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Cover art of Wordtris
Developer(s) Realtime Associates
Publisher(s) Spectrum HoloByte
Designer(s) Alexey Pajitnov
Platform(s) DOS
Game Boy
Mac OS
Release date(s) 1991
Genre(s) Puzzle
Mode(s) Single-player

Wordtris, stylized as WORDTЯIS, is a Tetris offshoot designed by Alexey Pajitnov and published by Spectrum Holobyte in 1991 for the IBM PC platform. The title was later released for the Game Boy (ported by Realtime Associates) and Super Nintendo game console in 1992.

The object of the game is to build words of three letters or more using the tiles that fall from the top of the playing area. Words can be constructed horizontally or vertically, and multiple words can overlap each other. If the player manages to construct the magic word at the top of the screen, the well will be cleared of all tiles and the player will receive a large bonus.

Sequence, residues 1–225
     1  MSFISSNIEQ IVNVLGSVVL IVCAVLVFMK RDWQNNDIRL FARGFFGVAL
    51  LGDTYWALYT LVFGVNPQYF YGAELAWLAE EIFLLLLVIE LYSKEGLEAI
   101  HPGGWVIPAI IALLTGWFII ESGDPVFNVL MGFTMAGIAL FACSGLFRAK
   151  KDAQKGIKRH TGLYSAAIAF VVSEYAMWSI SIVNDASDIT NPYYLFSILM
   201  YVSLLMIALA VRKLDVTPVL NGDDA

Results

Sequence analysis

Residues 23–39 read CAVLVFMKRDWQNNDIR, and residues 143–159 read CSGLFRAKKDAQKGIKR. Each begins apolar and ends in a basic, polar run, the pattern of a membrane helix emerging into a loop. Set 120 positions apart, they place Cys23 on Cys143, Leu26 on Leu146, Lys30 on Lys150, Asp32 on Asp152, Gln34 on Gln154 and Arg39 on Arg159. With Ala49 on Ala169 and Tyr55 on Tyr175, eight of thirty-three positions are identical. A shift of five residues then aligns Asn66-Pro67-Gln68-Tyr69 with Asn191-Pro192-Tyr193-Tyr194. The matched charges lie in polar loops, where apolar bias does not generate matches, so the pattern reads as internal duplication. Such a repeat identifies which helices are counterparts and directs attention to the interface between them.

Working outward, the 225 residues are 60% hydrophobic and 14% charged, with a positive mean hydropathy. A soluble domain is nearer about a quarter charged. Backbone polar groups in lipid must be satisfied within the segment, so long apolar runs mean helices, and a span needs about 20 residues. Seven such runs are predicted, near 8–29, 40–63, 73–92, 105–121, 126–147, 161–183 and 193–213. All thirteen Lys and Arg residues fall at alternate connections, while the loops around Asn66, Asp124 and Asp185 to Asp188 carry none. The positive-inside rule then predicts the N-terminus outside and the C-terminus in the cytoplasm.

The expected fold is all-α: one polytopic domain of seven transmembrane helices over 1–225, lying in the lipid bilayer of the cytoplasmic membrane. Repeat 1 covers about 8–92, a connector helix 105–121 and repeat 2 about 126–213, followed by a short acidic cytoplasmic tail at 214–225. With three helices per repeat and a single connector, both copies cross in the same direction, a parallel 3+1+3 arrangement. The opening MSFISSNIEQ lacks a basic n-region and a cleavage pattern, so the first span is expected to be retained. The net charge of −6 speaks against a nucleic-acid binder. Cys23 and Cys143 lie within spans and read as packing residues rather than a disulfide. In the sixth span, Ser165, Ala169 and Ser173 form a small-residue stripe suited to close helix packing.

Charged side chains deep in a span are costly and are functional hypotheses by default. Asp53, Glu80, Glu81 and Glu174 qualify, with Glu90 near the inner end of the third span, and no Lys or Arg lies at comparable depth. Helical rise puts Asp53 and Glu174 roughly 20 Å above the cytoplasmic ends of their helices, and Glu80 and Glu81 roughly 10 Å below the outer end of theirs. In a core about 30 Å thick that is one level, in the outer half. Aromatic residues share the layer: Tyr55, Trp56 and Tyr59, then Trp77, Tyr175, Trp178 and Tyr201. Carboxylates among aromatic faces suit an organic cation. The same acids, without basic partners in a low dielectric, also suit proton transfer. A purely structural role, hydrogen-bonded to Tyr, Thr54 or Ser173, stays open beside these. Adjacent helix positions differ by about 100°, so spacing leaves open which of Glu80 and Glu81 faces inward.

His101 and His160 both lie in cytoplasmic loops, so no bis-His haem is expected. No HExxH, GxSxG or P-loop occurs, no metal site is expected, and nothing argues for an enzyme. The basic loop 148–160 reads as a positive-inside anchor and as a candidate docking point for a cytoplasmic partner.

Occasionally, a free tile (denoted by a "?") will drop. Its letter can be selected by the player (either by typing it in the PC version, or scrolling through letters with a button on the console versions). If the player does not choose a letter, the block will become a random letter when it stops. Eraser blocks will fall and remove whatever letter that they land on (in the SNES version, the eraser is replaced with bombs and vials of acid).

In the Super Nintendo version, players advance from levels "A" to "J."[2] There is no level after "J."

The background pictures (except the title screen) were taken from an earlier Tetris game by Spectrum Holobyte known as Super Tetris. The in-game music is composed by Paul Mogg who did the DOS version of Super Tetris with Ed Bogas.


Computer Gaming World stated that "Wordtris, like its predecessors, is as infuriating as it is incredibly addictive ... Tetris is a classic game. Wordtris does it one better".[3] The SNES version of the game was scored a 65% by N-Force Magazine.[2]


  1. ^ Technical information for Wordtris at MobyGames
  2. ^ a b Rice, Chris ed. "Wordtris." SNES N-Force Magazine. Issue 07. Pg.69-70. December 1994.
  3. ^ Lasky, Michael S. (December 1991). "In a Word, "Yes!"". Computer Gaming World. p. 102. Retrieved 18 November 2013. 

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